Whether you are leaving the Forces soon, or are just planning for the future, it’s best to be prepared. Thinking ahead can help you know what your financial situation will be and plan for the costs of transitioning to civilian life.
If you are still serving in the forces it is worth considering starting to save for your future now. Saving whilst you are working in the Armed Forces provides a safety net for when you leave. There may be costs associated with moving and finding a new home or times when you are looking for work. Having a savings pot ready can help make the transition much less stressful.
Forces Finance is a part of Joining Forces CU, working in collaboration with the Armed Forces to provide fair financial services for personnel.
Forces Finance provides the option to save directly from your salary each month, making it easier to regularly save.
“It’s a structured way to save. You don’t see it therefore you don’t miss it”– Michael Cook, Ex-RAF and London Mutual Board Member
If you receive an Armed Forces pension you can also use our services to save each month.
“I saw that if I get a savings account my money will come straight out of my pension before going to my bank account which I like the idea of. I never see the money and it’s all done for me. Prior to that I wasn’t saving at all.”– Oliver Ardizzone, Ex-Army and Forces Finance Member
Some everyday expenses in your life during service may have been subsidised or taken directly from your salary. So, once you leave the services there may be new things you may need to budget for.
Probably the most important thing you may need to think about when leaving the Forces is where you are going to live. The Joint Service Housing Advice Office (JSHAO) provides information on the transition to civilian housing. You can watch their video below:
The main cost of housing will likely be mortgage or rent payments, as well as bills including council tax.
“It can be a shock to the bank account leaving the protective bubble of the Armed Forces.”– Michael Cook, Ex-RAF and London Mutual Board Member
Other expenses might include commuting to a new job, whether you choose public transport or buying a car. It is worth also adding up other essential living expenses such as food as well as how much you are likely to spend on leisure activities and subscriptions such as the gym. It’s a good idea to consider all your monthly income and outgoings.
There may have been times in life that you have needed to borrow. This might have been from a loan, credit card, overdraft, or a ‘buy now pay later service’.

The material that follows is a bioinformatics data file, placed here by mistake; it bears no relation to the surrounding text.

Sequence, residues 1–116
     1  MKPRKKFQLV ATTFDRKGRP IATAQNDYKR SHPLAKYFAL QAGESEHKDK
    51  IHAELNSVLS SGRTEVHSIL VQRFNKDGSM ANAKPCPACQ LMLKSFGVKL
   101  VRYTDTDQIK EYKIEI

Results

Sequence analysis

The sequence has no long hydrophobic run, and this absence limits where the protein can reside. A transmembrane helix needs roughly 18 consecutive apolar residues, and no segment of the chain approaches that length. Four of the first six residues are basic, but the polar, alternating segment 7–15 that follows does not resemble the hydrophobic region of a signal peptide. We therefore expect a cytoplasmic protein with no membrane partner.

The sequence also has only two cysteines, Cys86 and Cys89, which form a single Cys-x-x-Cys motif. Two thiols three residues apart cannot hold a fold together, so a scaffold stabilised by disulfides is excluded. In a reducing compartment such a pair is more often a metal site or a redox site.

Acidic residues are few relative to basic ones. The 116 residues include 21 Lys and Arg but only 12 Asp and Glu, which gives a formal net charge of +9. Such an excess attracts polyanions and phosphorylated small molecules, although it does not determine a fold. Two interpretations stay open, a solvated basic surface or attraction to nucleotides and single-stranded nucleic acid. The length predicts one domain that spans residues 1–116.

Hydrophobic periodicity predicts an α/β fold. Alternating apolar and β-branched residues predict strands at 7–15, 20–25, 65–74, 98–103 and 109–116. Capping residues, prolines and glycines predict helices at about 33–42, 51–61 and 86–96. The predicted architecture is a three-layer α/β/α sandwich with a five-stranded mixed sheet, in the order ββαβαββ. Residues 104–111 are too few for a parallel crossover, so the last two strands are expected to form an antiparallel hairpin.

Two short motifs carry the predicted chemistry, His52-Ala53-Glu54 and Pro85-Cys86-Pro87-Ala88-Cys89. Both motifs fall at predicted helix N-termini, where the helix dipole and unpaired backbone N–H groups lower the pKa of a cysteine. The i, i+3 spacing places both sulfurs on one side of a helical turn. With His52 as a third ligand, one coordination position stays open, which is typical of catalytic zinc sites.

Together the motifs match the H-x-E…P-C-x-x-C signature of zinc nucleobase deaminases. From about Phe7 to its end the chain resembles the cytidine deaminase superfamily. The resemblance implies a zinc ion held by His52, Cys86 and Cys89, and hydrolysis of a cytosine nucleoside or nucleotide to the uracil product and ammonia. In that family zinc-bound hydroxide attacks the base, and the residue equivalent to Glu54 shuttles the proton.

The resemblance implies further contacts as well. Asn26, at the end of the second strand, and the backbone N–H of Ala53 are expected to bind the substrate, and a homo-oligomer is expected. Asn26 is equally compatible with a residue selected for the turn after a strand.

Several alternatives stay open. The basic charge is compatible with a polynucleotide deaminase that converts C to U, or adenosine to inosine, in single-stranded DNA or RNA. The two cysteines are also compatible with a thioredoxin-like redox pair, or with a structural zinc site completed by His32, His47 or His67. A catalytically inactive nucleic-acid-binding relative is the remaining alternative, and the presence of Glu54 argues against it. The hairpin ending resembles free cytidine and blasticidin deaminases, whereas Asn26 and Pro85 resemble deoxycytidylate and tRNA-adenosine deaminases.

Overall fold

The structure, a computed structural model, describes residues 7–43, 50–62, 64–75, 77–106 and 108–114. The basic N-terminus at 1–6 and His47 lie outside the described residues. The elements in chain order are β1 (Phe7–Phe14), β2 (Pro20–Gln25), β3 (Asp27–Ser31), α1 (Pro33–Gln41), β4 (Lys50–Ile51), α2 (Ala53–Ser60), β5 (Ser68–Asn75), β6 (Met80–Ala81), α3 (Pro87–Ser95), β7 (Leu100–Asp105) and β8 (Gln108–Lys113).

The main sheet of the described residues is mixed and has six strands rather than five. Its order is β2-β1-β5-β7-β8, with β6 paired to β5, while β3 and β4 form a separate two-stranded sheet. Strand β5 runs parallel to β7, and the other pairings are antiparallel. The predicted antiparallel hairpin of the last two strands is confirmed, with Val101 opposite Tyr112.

Your credit history and credit score can affect your ability to borrow in the future so it’s worth regularly checking your score. Read more about how and why to check your credit score.
If you have outstanding debts you may be able to save money on interest by consolidating your debts with one loan. Consolidating your debt and starting to pay it off before leaving the forces can help you be in a stronger position in the future.
“I had a loan through my bank and I was just paying too much interest. Through LMCU it just worked out cheaper.”– Oliver Ardizzone, Ex-Army and Forces Finance Member
With Forces Finance you can also pay off your debts by having repayments deducted from your salary or pension.
“One of the great things a credit union can offer a Ex- service person is to mimic the way services operate and take savings money at source”– Michael Cook, Ex-RAF and London Mutual Board Member
Health & Wellbeing
Forces Finance and London Mutual Credit Union are dedicated to the financial well-being of Armed Forces personnel.
“The great thing about the credit union is that the staff are very hands-on. The staff know their customers.”Michael Cook, Ex-RAF and London Mutual Board Member
Here is a checklist of other things to think about when leaving the Forces that aren’t just about money!
- Registering for a Doctor and Dentist near where you are moving to.
- Research any potential immigration issues for non-British personnel – find out more in this government booklet.
- Finding a school place for children – you can get further advice on this from the Children’s Education Advisory Service (CEAS).
For more information and detail on leaving the Forces you can read the info sheets on the Army website. Thank you to Michael Cook and Oliver Ardizzone for contributing their experiences.
I have served over 36 years in the RAF Regiment. I enjoyed a full career that offered me and my family a fantastic lifestyle that was second to none. I still have close ties to friends still serving and non-serving throughout the world.
I was in the army for seven years and served in both Iraq and Afghanistan before retiring due to injury. I am now an adult volunteer for army cadets and a Forces Finance member.